By last reports, the Hamlet native won by a margin of four points, 52% to 48%.

Goodwin spent all day Wednesday receiving and responding to messages from well-wishers.

On his Facebook account he posted:
I want thank everyone over the course of the last several years (not just months) who volunteered, contributed to, and supported my campaign for re-election as our state Insurance Commissioner. The race ending last night was truly a marathon, but together we made it across the finish line last night. Again, an endless supply of thanks, my friends!
Insurance Commissioner Goodwin, to make sure as many supporters as possible got the word, also sent out a wide-ranging email that read:
Dear Friend,

I cannot thank you enough for your support through this marathon of a campaign. I have crisscrossed the great state of North Carolina many times over the past several months, and nothing has been more rewarding than to meet all of you who have helped launch me into a second term as your Insurance Commissioner.

You may have heard me say that this is a serious job for a serious candidate. Thank you for taking my vision for the Department of Insurance seriously; I would not be here without you.

I am proud of all that we have accomplished so far, but I truly believe the best years are yet to come. I am fortunate to have a great team around me, and we all look forward to continuing to serve you.

Thank you,

Wayne Goodwin, Insurance Commissioner
And in a public message to his 415 or so employees at the NC Department of Insurance, Goodwin said:
Good morning!

You’ve probably heard the results of an event that concluded last night, an event that I rightly compared to a marathon.

Now that the marathon is over – and the race is won – I want to share with you what I’ve heard from Manteo to Murphy, from Eden to Ellerbe, particularly over the last year. That is, folks deeply appreciate the work of our Department of Insurance. Our team – yes, our team – helps so many people in so many ways that it’s not surprising that people automatically think of constituent service and consumer protection when they go to make a decision for state Insurance Commissioner. When the question comes up, “Who’s fighting for us?”, they know we at NCDOI are.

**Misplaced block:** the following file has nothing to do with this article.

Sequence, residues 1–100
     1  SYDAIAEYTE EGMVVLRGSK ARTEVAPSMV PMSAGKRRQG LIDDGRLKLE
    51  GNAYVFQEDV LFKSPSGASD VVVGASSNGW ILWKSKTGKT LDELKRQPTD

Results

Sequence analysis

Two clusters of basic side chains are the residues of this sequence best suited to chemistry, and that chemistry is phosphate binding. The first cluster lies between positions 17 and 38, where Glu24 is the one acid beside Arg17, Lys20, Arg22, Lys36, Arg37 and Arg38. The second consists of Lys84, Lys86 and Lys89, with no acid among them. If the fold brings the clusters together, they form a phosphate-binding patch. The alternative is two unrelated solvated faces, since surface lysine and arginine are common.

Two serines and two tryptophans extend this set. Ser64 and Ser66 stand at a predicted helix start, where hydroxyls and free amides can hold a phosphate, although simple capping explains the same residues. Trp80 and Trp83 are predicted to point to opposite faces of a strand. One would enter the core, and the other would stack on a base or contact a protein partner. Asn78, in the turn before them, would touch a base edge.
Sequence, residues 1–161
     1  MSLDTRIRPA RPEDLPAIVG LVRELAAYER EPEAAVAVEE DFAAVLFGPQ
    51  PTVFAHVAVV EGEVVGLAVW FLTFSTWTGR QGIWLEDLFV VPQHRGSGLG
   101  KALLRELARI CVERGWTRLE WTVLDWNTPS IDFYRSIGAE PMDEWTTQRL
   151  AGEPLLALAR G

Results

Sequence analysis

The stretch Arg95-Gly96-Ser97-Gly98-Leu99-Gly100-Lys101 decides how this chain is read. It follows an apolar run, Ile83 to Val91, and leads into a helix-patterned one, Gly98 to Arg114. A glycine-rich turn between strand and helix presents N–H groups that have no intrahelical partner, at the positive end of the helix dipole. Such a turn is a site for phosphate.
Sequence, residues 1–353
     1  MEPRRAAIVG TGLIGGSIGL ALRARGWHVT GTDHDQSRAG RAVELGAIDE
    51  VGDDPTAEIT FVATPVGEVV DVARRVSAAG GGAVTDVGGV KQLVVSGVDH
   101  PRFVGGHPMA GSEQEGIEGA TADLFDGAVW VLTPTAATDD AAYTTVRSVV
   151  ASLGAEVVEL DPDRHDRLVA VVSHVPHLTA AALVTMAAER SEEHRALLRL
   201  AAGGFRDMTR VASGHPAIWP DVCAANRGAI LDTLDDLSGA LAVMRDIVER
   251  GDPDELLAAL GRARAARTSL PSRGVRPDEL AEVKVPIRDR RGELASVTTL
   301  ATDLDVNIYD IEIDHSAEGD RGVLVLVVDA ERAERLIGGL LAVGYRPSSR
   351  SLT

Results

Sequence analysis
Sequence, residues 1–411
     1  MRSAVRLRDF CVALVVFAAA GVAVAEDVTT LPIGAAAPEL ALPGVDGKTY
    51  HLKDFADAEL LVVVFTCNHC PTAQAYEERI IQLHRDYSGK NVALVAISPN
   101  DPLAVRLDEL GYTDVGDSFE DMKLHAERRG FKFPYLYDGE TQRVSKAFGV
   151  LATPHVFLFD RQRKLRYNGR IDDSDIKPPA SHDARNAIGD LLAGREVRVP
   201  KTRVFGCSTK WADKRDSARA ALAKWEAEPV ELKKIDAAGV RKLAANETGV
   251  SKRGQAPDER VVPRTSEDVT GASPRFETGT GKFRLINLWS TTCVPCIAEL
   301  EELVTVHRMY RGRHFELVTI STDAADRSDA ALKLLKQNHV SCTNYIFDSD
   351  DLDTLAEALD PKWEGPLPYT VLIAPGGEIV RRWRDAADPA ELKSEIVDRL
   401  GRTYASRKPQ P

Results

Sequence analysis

That doesn’t mean we’ve solved every problem. And, yes, we still face challenges – but so do every state agency and our leaders as a whole. We will meet them head on. And I believe we will tackle many of these challenges over the next four years.

All I know with absolute certainty, though, is that there are no better team mates – no one that I’d want to have in my corner more than each of you!

I am humbled to be given another four years to be the leader of this team, and I’m inspired by how collectively we have made such a positive impact on consumer protection, market issues, and public safety/fire safety as we have done.

Now let’s get back to work and keep doing what the people of North Carolina expect from us and get from us every day: Our best.

Thank you for all you do.


2012 GOP challenger Mike Causey very graciously called Insurance Commissioner Goodwin at home today to extend his congratulations and appreciation for a well-fought, clean race. "I truly appreciate Mike's sincere comments about the race, and applaud his reaching out to me after the election. He is certainly a believer in public service, evidenced by his four runs for the post. I wish him well and thank him for the personal, ceremonial call," reported Goodwin. "Running for public office is not easy, and I commend folks who put themselves out there for the greater good and to give voters a choice."

Meanwhile, the extensiveness of Insurance Commissioner Goodwin's "ground game" and grassroots network is noteworthy, as is his prowess at fundraising. It is estimated that Goodwin raised more than twice the funds that his predecessor (the 24-year former incumbent Jim Long) raised and more than seven times the sum raised by his 2012 challenger.

After taking a few days of respite, the Tar Heel insurance regulator will be back in the saddle riding off to various places within North Carolina to meet with consumers and professionals, fighting for what's right and serving the great State to the best of ability.

Tuesday, November 6, 2012

Goodwin: We need consumer advocate, not career insurance man, as NC Insurance Commissioner

Late into the night a few hours before Election Day polls open, countless persons across North Carolina - and even out of state - received spam from Mike Causey, Republican candidate for state insurance commissioner.